Google Targets the Rogue

08 December 2010

Newspaper

In a blog post titled, “Being bad to your customers is bad for business“, Google blogger Amit Singhal poses a response to a recent New York Times article that showcased how a merchant actually scored prime search engine real estate because of negative reviews, not in spite of them.

“I never had the amount of traffic I have now since my 1st complaint. I am in heaven,” states Tony Russo, the owner of several online eyewear businesses. The New York Times article goes on to report how Mr. Russo was even brazen enough to make his own post on one of the merchant rating sites, GetSatisfaction.com. “I just wanted to let you guys know that the more replies you people post, the more business and the more hits and sales I get. My goal is NEGATIVE advertisement.”

Given the negative press, Google was quick to come up with a temporary solution to the problem by tweaking its algorithm to “punish” businesses who make a point of benefiting from bad business practices. Google knows that adjusting search results based on negative press, reviews, or general user experience is a slippery slope, particularly in an algorithmic form. This is mainly due to the fact that negative opinions surround more than just businesses. “If we demoted web pages that have negative comments against them, you might not be able to find information about many elected officials, not to mention a lot of important but controversial concepts,” states Singhal in the Google post.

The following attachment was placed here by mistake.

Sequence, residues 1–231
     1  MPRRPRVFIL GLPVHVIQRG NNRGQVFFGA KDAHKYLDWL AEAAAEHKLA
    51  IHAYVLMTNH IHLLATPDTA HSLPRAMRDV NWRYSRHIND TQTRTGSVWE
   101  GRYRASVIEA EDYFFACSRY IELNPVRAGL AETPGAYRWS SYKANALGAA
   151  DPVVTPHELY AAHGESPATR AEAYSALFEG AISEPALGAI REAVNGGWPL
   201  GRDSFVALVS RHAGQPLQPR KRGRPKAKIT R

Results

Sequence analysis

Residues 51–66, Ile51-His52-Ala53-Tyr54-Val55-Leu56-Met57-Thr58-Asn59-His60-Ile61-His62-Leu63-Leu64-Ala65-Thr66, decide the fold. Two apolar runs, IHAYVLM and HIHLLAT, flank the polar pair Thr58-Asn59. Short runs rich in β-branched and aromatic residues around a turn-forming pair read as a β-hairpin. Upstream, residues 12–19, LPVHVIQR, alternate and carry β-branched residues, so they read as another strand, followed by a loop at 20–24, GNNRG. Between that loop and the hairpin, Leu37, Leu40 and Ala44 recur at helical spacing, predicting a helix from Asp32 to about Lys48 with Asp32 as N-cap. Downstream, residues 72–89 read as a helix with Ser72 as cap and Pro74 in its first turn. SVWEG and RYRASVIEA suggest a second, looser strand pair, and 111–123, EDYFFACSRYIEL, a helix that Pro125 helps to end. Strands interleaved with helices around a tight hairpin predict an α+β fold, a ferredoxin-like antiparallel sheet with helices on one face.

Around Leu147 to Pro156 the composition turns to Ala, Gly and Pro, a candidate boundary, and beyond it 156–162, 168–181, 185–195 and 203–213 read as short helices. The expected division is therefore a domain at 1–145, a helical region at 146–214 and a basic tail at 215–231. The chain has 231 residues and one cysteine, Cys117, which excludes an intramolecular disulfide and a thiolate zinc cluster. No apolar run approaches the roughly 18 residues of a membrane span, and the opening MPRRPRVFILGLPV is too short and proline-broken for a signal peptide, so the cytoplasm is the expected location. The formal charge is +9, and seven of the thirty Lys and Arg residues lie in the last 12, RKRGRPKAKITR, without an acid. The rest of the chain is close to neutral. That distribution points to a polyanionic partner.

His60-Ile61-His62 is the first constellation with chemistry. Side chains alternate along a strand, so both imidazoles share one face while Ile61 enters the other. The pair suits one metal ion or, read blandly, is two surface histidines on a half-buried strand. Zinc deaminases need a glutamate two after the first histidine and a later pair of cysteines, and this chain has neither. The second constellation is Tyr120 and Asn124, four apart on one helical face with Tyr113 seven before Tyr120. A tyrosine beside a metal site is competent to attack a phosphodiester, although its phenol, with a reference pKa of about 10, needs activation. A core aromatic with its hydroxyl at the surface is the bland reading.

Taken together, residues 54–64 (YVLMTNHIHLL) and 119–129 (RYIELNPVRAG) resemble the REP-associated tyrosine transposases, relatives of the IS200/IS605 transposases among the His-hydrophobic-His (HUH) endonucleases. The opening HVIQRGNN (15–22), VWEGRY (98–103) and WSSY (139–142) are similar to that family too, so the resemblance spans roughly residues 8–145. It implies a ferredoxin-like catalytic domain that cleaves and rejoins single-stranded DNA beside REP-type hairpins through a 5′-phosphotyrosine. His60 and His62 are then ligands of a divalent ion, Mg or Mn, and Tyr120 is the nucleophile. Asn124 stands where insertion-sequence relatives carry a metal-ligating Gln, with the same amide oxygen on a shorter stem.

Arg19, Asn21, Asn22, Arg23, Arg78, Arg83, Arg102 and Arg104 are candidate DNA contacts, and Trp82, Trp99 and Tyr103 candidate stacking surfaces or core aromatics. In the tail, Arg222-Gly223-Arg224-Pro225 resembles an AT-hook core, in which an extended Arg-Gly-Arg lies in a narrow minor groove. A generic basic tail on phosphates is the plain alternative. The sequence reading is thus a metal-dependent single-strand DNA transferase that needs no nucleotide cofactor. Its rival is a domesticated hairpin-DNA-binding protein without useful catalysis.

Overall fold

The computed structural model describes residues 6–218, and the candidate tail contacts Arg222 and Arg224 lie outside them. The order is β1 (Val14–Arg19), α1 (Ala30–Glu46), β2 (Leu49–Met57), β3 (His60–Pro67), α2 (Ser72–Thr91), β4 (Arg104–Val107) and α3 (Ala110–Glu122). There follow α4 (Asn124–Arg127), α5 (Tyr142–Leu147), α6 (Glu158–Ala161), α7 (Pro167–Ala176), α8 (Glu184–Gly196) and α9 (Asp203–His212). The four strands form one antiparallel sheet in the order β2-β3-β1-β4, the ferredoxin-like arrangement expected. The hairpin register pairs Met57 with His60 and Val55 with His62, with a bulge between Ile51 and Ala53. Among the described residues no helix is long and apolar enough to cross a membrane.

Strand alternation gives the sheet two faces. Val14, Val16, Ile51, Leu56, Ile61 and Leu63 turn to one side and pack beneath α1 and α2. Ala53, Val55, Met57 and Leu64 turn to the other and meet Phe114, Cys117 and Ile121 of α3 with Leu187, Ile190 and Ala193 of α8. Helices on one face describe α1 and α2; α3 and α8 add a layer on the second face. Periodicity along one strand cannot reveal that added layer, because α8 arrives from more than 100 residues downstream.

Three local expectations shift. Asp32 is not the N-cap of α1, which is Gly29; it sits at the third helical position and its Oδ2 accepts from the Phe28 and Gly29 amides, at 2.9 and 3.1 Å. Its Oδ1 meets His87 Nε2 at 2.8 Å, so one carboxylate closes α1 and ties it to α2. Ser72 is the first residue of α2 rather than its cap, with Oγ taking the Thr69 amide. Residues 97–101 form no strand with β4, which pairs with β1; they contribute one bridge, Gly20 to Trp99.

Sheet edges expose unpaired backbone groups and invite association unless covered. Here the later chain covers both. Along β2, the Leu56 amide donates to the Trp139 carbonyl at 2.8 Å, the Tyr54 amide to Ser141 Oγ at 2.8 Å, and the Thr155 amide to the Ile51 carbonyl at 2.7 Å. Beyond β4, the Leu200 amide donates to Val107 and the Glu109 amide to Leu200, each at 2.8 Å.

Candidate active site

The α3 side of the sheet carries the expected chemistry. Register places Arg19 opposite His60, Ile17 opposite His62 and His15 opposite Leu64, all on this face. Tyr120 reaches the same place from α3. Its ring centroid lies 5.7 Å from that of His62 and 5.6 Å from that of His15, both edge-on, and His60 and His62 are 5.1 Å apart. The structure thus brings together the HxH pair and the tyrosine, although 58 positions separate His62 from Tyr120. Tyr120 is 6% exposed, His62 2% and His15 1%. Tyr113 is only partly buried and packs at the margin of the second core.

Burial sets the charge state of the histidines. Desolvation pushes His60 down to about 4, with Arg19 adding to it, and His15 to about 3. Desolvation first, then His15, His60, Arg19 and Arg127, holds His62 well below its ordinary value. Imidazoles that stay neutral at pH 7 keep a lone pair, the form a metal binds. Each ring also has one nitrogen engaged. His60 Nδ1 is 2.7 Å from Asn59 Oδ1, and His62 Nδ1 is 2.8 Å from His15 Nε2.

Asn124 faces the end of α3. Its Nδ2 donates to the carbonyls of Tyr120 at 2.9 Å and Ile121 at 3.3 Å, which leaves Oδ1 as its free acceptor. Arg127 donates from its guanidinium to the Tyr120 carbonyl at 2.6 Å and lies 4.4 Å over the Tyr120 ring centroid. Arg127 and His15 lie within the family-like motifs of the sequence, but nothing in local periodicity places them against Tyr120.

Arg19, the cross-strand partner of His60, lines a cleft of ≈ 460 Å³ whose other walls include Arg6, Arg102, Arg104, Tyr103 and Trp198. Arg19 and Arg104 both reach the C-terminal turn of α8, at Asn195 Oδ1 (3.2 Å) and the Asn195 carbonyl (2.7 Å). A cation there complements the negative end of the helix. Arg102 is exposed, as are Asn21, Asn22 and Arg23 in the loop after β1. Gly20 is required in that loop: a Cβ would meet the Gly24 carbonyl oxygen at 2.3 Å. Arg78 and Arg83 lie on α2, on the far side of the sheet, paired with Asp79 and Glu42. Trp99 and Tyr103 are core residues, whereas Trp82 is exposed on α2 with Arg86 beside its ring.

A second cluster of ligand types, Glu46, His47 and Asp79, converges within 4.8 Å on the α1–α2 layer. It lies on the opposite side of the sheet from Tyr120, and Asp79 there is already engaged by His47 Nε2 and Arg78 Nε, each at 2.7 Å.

Furthermore, there’s really nothing to stop websites from using blackhat SEO practices by filling the web with fictitious, negative reviews and complaints about their competitors. Any “sentiment quotient” that Google could use will inevitably be exploited, and it could ultimately be more harmful than helpful in the ways of creating a beneficial user experience.

While the expression “there’s no such thing as bad press” may be one way to look at this, there is plenty an affiliate can learn from this experience. Most importantly is the use of the “nofollow” links, which allow affiliates to link to other sites without giving them additional weight or credibility in the Google algorithm. This certainly applies to those sites on the rogue list, as writing about rogue casinos in a link-heavy post may not be doing them a disservice.

While Google is aware that people and businesses are constantly trying to find loopholes in its search engine math, it stands by its advice to websites: maintain good business practices and present well-written, useful content to consumers and the rankings will come.